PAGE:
So, an interesting gaming & gender thought experiment…
I usually only play female characters in games. There are good reasons (such as feeling that a game with no female options is like the developers saying, “We don’t want you here.”). That still holds true.
I recently decided to do another play-through of Dragon Age: Inquisition. Having played it a few times now with female characters of various races and backgrounds, I thought this time I’d try a male character. (I know, shocking…but there are different relationship options for males and I wanted to see them, lol.)
My experience thus far has been eye-opening, and not for the reasons you’d think.
Early on, you, a prisoner, are taken to the site of an explosion the authorities think you may have caused, because you might have a special power to repair the damage. The two main authority figures, both female, can’t agree which route to take, so they ask your opinion.
I rolled my eyes and grumbled about the state of game writing, even at a company like Bioware…because of course the two chicks can’t resolve their issue and need the big strong man to tell them what to do. It wasn’t like this when I played a girl character.
I had a little epiphany last night, after getting further into the story, though…and I realized, no, it was exactly like this the other times I played. The events, reactions, and voice-over lines were literally, 100%, the same.
It never struck me this way before, though; then, I perceived it as two strong leaders who’d been through days of chaos, asking for a third opinion out of frustration and exhaustion. It seemed natural they’d try for a group consensus.
So it had nothing at all to do with the game, and everything to do with my own perceptions.
I had also decided to handle romance options differently. For anyone unfamiliar with Bioware games, there are usually conversation choices that allow you to develop a relationship with one of your party members, almost like a side-quest.
Before, once I met all the characters, I decided which of the romance options I wanted to pursue. Then, I made sure to only choose the flirty dialogue options with that character, to make sure I didn’t inadvertently get stuck with a different person.
This time, I decided I was going to flirt with everyone. Whenever a flirt option popped up, I chose it. I had a few relationship possibilities in mind, but would figure out who I’d end up with as I went along.
At the time, I thought it was just because I’d played the game before and wasn’t as set on a specific outcome.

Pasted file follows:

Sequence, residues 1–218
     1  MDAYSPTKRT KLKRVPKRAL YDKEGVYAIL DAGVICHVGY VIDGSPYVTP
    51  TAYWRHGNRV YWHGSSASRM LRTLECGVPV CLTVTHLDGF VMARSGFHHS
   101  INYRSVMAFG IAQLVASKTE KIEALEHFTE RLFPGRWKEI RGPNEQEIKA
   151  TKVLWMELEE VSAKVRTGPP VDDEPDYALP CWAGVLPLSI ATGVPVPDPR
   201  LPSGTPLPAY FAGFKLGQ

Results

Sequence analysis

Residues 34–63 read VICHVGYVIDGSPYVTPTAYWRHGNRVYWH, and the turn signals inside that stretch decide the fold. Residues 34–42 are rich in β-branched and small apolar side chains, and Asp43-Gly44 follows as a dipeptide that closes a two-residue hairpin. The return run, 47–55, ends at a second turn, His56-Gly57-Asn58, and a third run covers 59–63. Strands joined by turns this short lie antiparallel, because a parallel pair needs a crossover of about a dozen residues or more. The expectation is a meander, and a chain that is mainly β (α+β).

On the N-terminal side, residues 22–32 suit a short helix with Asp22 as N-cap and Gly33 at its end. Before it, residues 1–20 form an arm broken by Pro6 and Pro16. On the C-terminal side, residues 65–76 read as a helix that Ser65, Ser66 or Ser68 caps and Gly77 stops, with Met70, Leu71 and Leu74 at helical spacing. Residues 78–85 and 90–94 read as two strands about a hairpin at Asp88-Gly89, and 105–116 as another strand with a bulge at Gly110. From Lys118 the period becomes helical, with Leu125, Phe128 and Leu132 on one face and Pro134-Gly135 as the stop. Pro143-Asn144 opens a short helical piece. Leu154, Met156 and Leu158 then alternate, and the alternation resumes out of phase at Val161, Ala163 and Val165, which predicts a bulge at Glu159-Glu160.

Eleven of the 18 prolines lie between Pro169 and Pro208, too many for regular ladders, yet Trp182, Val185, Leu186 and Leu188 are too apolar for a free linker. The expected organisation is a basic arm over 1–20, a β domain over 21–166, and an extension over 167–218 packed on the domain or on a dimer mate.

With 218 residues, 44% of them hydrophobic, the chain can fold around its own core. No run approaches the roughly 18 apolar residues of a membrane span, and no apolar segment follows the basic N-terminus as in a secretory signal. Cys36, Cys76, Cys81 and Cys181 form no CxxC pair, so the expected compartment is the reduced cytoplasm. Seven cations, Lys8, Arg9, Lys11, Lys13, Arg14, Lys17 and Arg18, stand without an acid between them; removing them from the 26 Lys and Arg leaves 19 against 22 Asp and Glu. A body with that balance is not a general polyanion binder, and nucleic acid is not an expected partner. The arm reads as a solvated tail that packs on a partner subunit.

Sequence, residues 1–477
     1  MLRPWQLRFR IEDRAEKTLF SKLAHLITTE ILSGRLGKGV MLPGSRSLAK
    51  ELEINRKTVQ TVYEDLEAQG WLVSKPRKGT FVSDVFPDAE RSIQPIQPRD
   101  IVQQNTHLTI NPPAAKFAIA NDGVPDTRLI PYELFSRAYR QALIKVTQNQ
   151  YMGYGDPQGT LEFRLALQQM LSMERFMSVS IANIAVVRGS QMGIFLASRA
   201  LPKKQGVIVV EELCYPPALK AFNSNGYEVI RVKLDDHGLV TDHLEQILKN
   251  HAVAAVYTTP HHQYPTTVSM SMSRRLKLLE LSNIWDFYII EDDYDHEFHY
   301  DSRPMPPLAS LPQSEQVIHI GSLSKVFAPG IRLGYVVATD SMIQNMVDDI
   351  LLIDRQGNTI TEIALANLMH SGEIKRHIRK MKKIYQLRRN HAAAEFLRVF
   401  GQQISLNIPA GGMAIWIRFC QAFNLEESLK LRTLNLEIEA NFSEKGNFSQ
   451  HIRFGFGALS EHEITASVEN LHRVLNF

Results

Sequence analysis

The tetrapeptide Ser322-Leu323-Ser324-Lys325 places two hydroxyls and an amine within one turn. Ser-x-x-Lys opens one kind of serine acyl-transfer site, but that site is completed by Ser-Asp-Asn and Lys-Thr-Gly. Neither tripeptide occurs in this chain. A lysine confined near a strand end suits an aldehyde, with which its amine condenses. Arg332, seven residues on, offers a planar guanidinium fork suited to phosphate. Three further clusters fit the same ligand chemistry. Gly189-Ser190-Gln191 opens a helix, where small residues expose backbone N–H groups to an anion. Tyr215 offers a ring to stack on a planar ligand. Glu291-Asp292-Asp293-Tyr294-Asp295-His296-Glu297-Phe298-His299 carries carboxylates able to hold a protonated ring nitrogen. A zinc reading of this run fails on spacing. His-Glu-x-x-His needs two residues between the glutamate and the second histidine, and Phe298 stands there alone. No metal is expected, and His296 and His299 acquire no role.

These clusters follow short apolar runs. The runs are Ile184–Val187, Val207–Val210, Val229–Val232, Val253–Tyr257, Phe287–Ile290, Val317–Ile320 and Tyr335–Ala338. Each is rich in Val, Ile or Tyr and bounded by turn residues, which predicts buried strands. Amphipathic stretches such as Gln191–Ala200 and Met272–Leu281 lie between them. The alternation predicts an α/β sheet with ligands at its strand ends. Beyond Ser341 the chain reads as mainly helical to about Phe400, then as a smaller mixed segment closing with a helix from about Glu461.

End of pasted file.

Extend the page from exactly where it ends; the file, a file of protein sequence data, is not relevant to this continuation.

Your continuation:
But in light of my little epiphany, I wondered…did it feel more okay for me to hit on everybody as a guy, while as a female, I felt I had to be careful not to give wrong signals to someone I wasn’t serious about?
Later in the game (no spoilers), you get to become the leader of an organization you’ve been helping. It felt less epic this time than other play-throughs. I wondered why, which is what started me thinking about this in the first place.
When I played as a female, especially when I played a female of a race generally looked down on within the game world…it felt like this huge achievement. Like I had overcome all this adversity and had become so respected that everyone finally believed I was worthy of leading them.
When I played as a male…it felt like I’d really been in charge all along, from the moment I told those women what to do, so it was a given that they’d choose me to lead them officially. It felt like a formality.
Again, what happened and what was said in the game was exactly the same. My male character did just as much work as my female characters. The only thing that changed was my internal reaction.
In our world, getting taken seriously and made a leader is harder when you’re a girl. So of course it seemed my female character must have done more to get there…since otherwise, she wouldn’t have succeeded.
I mentioned this to my husband, who frequently plays both male and female characters, and asked him if he’d ever noticed any differences like that. “Not really,” he said. “For me, it’s more about stepping into the role of being a hero.”
And I realized, that’s not how it is for me. I am always conscious of specifically being a girl hero. Because somewhere in my psyche, girls don’t get to be heroes, so when I’m playing one in a role-playing game, that’s an inseparable part of the role I’m playing.
Huh, interesting. Wrong, of course…but interesting.
And ultimately, it’s things like this that are why I choose to write sci-fi and fantasy. By taking yourself out of your normal comfort zone and seeing things from a new perspective, you never know what you’ll find out.